Communication and Social Media: MPC Research Goes Viral

Danielle Taylor, MPC2015

From its capacity to spark debates on privacy concerns, bring the latest in political news to fingertips, and facilitate brand-to-consumer interactions, social media is a hot topic of research for MPC students’ Major Research Projects (MRPs).

Project: Hands Off My Data! A Comparison of Privacy Representations and Expectations on Facebook

Author: Hayley Fuller, MPC2012

Exploring how the concept of privacy may be understood differently by Facebook and by its users, Fuller examines user expectations in relation to Facebook’s representation of online privacy in their Statement of Rights and Responsibilities. Fuller uses principles set out in the Personal Information Protection and Electronic Documents Act to analyze user comments made in response to online privacy changes.

Although findings show that both Facebook and its users consider the collection, use, disclosure, and retention of content and information to be important, the study reveals that the abstract manner in which Facebook portrays its online privacy policy contradicts the user assumption that privacy should be enforced as strictly and as transparently as data-control.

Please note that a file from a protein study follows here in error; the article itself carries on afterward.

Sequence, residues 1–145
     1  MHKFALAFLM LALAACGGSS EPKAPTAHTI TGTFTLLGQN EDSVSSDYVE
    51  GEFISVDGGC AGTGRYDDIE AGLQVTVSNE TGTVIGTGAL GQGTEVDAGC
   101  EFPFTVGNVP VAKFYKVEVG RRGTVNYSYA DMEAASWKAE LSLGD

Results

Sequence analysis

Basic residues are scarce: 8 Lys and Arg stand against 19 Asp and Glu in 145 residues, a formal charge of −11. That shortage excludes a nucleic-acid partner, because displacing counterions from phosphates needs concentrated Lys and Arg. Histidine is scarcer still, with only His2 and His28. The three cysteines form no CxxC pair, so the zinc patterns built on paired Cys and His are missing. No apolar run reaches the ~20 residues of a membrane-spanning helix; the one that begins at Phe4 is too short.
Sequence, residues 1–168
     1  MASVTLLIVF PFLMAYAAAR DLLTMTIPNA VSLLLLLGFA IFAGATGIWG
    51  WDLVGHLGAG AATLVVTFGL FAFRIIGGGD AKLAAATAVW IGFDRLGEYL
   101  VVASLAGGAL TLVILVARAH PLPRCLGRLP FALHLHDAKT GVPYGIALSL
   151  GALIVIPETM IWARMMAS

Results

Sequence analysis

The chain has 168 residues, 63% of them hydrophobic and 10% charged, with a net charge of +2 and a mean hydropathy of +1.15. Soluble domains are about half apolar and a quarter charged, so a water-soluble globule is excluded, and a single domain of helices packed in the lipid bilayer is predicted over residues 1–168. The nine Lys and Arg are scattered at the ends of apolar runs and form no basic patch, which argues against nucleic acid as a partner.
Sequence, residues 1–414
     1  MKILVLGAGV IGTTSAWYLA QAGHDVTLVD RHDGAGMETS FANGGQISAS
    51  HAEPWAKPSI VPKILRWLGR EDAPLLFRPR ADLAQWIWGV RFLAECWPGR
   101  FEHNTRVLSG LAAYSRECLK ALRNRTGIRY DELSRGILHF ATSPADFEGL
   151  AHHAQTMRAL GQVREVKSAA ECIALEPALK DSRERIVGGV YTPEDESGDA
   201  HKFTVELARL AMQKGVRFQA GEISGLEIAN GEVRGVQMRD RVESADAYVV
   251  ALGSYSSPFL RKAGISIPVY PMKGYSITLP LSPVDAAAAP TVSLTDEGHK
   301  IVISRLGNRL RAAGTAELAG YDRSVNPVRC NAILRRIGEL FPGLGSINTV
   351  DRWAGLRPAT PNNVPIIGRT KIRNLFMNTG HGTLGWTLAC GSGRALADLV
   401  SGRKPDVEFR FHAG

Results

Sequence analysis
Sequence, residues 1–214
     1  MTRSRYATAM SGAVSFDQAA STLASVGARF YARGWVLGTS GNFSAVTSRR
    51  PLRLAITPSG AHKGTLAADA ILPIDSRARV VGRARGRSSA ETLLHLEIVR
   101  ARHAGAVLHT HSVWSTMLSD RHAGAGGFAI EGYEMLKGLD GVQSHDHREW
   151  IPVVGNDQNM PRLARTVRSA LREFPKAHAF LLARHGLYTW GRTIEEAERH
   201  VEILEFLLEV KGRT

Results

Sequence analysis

Project: #JustDoIt: Brand-to-Consumer Interaction via Twitter

Author: Jacky Au Duong, MPC2014

Jacky’s research is an investigation of Nike’s “Possibilities” campaign. The campaign encouraged users to share their athletic achievements under their infamous slogan-turned-viral-hashtag #justdoit.

Jacky explores how consumer interaction can be facilitated via Twitter. He considers how concepts of heteroglossia, the imagined audience, and ambient affiliation provide a framework to inform strategies that spark conversation and engage with end consumers on Twitter.

Project: Pictures in Politics: A Visual Social Semiotic Analysis of Federal Politicians on Instagram

Author: Karolina Karas, MPC2015

Applying visual social semiotic theory to a social media context, Karas presents a qualitative analysis of select images published on two Canadian politicians’ Instagram accounts and the elements their followers prefer.

By coding images into categories such as empathy, confidence, community outreach, and competence, the study concludes that the public’s values of politicians in traditional media should be accounted for when publishing to Instagram in order to construct a convincing political story on any social media platform.